Wow! Look at that grass!
This photo was taken a few years ago in early February.
Here is another that shows the edge of the pasture.
This is the same field as in the first photo and the larger pasture is in the background. Why the difference? No rain.
The Central Valley of California has a Mediterranean climate–hot, dry summers and cool, wet winters. We count on the winter rains (and snow in the mountains), starting some time in October or November and continuing through April or May (and last year, into June) to fill reservoirs, replenish aquifers, and to grow grass. Normally the annual grasses start growing when it rains in the fall and when it gets warmer in the spring the grass growth takes off and we get the kind of growth as seen in that first photo. The annual grasses dry out in the spring, but can still provide feed through the summer when properly managed. The cycle starts over with the next fall rains.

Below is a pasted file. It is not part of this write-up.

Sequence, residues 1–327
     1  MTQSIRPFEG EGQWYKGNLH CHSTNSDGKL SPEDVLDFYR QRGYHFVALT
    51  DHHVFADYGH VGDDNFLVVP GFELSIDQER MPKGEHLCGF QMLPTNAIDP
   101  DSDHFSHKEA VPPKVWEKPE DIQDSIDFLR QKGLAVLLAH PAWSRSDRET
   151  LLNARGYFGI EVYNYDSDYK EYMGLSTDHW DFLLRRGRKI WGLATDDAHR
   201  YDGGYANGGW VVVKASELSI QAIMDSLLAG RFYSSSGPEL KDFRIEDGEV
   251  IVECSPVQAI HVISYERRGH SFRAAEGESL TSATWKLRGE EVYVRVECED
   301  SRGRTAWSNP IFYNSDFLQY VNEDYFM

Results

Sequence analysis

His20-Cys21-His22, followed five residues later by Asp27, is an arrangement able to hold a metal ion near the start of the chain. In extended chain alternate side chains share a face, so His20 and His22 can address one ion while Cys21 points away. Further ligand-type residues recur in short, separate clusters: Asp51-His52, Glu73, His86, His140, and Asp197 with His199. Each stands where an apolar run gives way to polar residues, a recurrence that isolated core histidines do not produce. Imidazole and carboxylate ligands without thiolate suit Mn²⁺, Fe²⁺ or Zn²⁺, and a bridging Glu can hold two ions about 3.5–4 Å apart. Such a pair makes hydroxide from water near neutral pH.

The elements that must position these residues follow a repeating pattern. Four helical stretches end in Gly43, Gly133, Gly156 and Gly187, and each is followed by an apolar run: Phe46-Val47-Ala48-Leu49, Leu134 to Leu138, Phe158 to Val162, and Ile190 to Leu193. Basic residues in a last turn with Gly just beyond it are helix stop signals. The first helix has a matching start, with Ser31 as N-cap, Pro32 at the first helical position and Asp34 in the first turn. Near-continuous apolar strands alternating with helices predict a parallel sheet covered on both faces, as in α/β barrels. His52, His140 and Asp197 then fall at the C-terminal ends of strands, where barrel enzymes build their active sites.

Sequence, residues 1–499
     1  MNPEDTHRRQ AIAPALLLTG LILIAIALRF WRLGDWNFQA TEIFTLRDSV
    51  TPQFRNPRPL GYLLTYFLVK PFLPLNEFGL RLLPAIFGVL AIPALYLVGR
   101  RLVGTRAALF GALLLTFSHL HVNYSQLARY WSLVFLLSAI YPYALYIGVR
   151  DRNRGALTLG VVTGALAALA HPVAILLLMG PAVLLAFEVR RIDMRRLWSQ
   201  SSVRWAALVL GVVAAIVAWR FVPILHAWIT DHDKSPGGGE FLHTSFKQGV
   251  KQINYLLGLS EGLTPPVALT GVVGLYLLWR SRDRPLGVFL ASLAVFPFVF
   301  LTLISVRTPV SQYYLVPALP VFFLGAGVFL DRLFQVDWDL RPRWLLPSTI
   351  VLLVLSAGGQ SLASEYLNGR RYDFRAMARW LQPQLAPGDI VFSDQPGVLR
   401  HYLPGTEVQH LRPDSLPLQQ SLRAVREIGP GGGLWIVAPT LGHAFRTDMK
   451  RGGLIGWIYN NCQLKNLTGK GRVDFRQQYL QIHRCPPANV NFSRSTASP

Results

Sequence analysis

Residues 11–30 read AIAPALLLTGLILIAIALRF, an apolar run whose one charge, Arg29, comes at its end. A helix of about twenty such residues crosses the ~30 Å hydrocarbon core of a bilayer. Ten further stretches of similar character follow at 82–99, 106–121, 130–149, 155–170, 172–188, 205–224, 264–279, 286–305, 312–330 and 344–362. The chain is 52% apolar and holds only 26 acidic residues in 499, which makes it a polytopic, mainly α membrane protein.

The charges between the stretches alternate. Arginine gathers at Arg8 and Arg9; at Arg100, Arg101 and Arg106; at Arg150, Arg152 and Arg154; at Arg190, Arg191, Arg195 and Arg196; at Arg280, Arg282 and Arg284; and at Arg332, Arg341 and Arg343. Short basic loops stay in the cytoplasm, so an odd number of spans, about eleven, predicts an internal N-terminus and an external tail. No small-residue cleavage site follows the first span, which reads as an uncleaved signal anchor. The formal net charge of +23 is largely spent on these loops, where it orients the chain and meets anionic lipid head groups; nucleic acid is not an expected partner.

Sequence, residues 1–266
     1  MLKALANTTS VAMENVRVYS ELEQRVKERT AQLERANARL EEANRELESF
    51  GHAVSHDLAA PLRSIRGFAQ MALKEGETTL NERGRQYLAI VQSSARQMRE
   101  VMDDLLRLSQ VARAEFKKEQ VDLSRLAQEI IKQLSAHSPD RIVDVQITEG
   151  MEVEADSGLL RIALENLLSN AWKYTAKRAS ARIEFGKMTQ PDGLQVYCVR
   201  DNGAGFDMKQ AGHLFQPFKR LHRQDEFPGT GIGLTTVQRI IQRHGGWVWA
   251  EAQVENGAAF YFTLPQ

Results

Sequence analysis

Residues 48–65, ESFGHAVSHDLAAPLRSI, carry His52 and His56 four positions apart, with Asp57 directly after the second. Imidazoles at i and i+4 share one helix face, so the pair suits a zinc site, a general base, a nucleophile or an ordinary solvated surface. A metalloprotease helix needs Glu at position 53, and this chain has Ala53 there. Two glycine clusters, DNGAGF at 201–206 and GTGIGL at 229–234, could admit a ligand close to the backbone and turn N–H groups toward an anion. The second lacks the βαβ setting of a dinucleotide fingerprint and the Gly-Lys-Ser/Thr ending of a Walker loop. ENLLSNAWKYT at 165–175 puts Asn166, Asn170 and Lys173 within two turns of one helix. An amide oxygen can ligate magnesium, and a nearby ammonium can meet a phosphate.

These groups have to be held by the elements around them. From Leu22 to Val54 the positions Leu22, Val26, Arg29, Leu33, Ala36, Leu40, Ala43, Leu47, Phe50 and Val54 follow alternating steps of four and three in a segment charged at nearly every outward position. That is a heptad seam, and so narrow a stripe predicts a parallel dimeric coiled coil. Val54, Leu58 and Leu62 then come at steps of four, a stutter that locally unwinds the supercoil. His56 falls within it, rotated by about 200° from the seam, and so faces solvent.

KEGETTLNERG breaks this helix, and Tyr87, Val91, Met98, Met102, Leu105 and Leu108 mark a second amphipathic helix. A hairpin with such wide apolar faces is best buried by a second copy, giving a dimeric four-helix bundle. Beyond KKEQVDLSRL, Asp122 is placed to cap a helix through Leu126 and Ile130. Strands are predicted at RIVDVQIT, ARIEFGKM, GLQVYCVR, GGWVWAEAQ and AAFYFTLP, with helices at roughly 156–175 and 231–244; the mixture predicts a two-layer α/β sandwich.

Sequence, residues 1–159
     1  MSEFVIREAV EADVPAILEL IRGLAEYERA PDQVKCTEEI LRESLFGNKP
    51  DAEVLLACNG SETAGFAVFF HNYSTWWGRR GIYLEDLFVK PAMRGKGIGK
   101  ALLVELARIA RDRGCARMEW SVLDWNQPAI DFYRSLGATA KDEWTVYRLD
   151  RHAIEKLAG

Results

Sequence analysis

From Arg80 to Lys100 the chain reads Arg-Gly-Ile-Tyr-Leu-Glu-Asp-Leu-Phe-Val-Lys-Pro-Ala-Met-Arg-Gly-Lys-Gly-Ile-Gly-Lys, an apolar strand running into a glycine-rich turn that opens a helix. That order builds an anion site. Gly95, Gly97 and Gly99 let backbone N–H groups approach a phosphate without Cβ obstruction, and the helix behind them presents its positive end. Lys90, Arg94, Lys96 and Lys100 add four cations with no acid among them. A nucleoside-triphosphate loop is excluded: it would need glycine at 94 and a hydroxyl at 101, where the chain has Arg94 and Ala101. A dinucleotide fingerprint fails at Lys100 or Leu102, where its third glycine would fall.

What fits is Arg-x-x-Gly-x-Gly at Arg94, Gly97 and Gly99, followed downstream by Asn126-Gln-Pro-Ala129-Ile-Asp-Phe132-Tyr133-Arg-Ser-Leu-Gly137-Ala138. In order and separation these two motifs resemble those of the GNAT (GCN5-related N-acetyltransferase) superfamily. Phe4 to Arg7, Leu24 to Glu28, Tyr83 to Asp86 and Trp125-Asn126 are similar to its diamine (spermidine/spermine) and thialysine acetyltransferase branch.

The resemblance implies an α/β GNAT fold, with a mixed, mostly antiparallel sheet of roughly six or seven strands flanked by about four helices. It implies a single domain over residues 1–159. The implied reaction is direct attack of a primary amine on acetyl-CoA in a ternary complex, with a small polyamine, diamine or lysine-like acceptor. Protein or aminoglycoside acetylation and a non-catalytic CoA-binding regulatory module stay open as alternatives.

I have irrigated pasture. I usually have the best of two worlds. I take advantage of that lush spring growth of annual plants…
…but I start irrigated in May or June. Through the summer, when livestock on dry land eat dry feed, my sheep eat perennial forages that include clovers and birdsfoot trefoil.
The perennial plants drastically slow their growth in the winter but rely on winter rain to grow strong root systems and be ready to support new growth in the summer. Look at the next photo taken two weeks ago.
Annual grasses that germinated after the good rain in November have since died. Some plants are still trying valiantly to hang on but there is virtually no growth. The dry grass in this photo is the remnants of the late summer growth of less desirable yellow foxtail and bermudagrass.
This photo is behind the barn. That clump of grass in the foreground is under the place where any moisture (fog, dew) drips off the roof. Had there been normal rainfall the whole place would look like that.
Let’s hope we see the rain that has been promised for this week so we can look forward to this scene soon.